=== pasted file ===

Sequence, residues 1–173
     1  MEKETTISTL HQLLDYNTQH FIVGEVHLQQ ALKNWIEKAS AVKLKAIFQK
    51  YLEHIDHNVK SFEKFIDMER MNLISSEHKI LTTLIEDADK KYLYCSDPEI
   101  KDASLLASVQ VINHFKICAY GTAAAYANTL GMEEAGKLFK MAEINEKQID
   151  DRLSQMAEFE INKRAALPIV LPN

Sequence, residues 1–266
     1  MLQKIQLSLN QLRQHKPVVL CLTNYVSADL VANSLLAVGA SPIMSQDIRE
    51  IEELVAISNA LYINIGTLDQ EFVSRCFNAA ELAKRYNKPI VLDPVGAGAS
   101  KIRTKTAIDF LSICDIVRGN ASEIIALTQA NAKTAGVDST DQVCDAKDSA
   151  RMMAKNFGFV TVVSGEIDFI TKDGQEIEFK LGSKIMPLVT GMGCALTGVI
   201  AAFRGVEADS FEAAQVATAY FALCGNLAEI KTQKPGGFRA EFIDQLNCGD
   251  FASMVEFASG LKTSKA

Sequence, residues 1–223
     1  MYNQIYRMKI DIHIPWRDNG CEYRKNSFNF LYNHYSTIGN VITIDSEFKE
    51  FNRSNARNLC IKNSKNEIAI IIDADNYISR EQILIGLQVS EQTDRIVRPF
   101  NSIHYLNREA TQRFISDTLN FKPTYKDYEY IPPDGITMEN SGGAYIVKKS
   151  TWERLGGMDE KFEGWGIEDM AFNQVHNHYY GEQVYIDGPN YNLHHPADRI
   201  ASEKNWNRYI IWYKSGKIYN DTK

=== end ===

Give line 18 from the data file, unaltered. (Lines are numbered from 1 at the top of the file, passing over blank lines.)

   201  ASEKNWNRYI IWYKSGKIYN DTK